The acromion differs in individuals normally (morphological variants). These were described by Bigliani as type I, type II or type III. Type I is flat, type II is curved and type III hooked. A person with a type II or type III acromion would be at a higher risk of impingement due to the narrowing of the acromiohumeral gap and bursal space.
In addition to the above, with advancing age people tend to develop a bone spur on the front and side of the acromion. This further reduces the subacromial space increasing the risk of impingement.
Therefore somebody with a rotator cuff injury who has a type III acromion and is their 50’s has a very high risk of developing significant impingement compared to a patient in their 20’s sustaining a supraspinatus strain who may have a type I acromion and no spurs.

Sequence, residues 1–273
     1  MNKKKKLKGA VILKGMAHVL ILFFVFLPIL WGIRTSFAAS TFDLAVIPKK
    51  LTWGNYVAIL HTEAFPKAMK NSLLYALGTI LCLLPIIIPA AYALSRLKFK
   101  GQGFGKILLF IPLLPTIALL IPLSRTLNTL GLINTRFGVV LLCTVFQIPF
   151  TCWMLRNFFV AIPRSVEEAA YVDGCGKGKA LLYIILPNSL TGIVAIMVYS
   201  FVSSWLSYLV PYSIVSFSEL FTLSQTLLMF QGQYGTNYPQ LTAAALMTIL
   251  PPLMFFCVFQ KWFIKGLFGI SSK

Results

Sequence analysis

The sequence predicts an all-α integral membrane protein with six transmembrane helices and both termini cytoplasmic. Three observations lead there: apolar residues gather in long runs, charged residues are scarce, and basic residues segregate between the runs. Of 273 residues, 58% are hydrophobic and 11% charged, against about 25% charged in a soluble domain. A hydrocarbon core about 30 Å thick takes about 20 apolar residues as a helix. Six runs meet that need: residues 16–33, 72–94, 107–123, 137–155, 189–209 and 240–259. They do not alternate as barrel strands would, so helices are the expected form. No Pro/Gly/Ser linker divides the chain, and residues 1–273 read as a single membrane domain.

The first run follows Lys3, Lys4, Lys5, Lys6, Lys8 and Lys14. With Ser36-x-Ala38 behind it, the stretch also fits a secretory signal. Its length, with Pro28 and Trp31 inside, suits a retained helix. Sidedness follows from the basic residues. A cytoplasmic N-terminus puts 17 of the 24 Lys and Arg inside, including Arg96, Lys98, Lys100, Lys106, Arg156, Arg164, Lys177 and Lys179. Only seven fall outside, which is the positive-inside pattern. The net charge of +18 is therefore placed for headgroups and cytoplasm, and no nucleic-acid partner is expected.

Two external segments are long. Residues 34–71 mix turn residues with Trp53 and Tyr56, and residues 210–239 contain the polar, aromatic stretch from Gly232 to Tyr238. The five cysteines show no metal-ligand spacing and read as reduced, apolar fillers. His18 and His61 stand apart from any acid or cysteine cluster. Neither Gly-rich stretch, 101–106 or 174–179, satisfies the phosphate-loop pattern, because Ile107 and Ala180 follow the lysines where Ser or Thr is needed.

The rotator cuff and acromion will then rub against one another, causing a painful condition known as impingement. Each time the arm is raised there is a bit of rubbing on the tendons and the bursa between the tendons and the acromion, which may cause pain and inflammation.
Impingement may become a serious problem for some people and disturb their normal activities. This is when treatment is needed.